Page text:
“Expectations” is a word that five-time AMA Supercross Champion Ricky Carmichael has had to confront this year more than any other.
Since he switched from two wheels to four and joined the ranks of the NASCAR Camping World Truck Series full-time in 2009, Carmichael has posted two top-10 finishes—one at the California Speedway in February, and the other at the Kentucky Speedway just last weekend.
While the veteran sits at a lowly 21st in Truck Series points, he isn’t losing his mind over not excelling, not consistently running up front, and not winning for someone who jumped to immediate success in the motocross ranks before he even turned 18.
“I think I’ve got pretty fair expectations, realistic expectations,” Carmichael said. “Some people don’t because of where I came from, and that’s the unfortunate part. I put my pants on the same way everyone else does and I think I need to have a little slack cut to me because I haven’t done this as much as I’d like to.”
But where do the expectations come from?
Carmichael wasn’t just another supercross success. His nickname, “the GOAT,” standing for the “Greatest of All Time,” has followed him to NASCAR. With it came money, fame, and a bit of extra attention from his peers.
“It’s been pretty big in the garage, and I think a lot of people here, they watched me in motocross and supercross racing,” Carmichael said. “Obviously a lot of the fans are able to cross over, so that’s been really good, and some of the sponsors know me too because of the success that I had in that form of racing.”
While the two-wheel crossover fans may expect wins, or at least for their favorite driver—no longer rider—to compete for victories each week, Carmichael isn’t getting ahead of himself.
Fifteen overall AMA championships came quickly for the 29-year-old phenom, putting him in the same age ranks as relative NASCAR newcomer Clint Bowyer, who edges Carmichael years-wise by just under six months. The initial urge to switch, Carmichael said, came from watching the close friend.
“I watched Clint growing up as we were big friends of his family,” Carmichael said.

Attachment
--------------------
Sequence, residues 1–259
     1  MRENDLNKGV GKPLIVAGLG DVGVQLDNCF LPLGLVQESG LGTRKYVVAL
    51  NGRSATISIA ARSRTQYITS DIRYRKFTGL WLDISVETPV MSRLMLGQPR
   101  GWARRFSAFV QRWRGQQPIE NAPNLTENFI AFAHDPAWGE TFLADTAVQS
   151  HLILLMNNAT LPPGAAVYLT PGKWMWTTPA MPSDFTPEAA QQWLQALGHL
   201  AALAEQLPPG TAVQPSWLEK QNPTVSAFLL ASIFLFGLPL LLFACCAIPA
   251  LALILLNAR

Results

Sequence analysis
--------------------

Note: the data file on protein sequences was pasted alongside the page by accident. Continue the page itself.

Bowyer, like Carmichael, began his career on two wheels. Also, like Carmichael, he eventually made the switch, only earlier on.
Since 1996, Bowyer has raced with a roof over his head, and reached his latest career peak last season by winning the NASCAR Nationwide Series championship a year after making the Sprint Cup Series’ Chase for the Championship. The success lit a fire under Carmichael and got him looking at NASCAR racing.
“I watched him and that kind of inspired me,” Carmichael said. “I was able to just get some opportunities to try stock car racing. I loved it from the first time I did it and here I am today.”
Although their experience varies, Bowyer and Carmichael aren’t far from being in the same place. Both race under the umbrella of NASCAR’s three major touring series, both are seated in competitive equipment and both have age on their side, below the curve of the so-called NASCAR Cup Series veterans.
Sometimes, all that talent just needs some time to shine. Luckily, Carmichael has his sponsorship situation, which brought Monster Energy over as a personal sponsor from motocross, and Kevin Harvick Inc.'s stellar equipment—the same stuff that's won three straight Camping World Truck Series races with Ron Hornaday Jr. behind the wheel.
“I haven’t raced but maybe 35 car races in my life,” Carmichael said. “I would never even expect to come out here and do what I did in motocross. It will never happen. But I do expect out of myself to be competitive and meet the expectations of my boss, my sponsors and my fans.”
By scoring his second top-10 of the season at the Kentucky Speedway, Carmichael is doing just that.
Even still, the cool-minded rookie is keeping a level head. Carmichael said the way the cards folded, he “finally got a little bit of luck for once.”
Saturday night’s results may have been luck in Carmichael’s eyes, but at some point or another, the fire of a winner will burn again. At 29 years old, Ricky Carmichael has a lot to learn, and a lot of time to learn it.
This article was originally featured at SpeedwayMedia.com.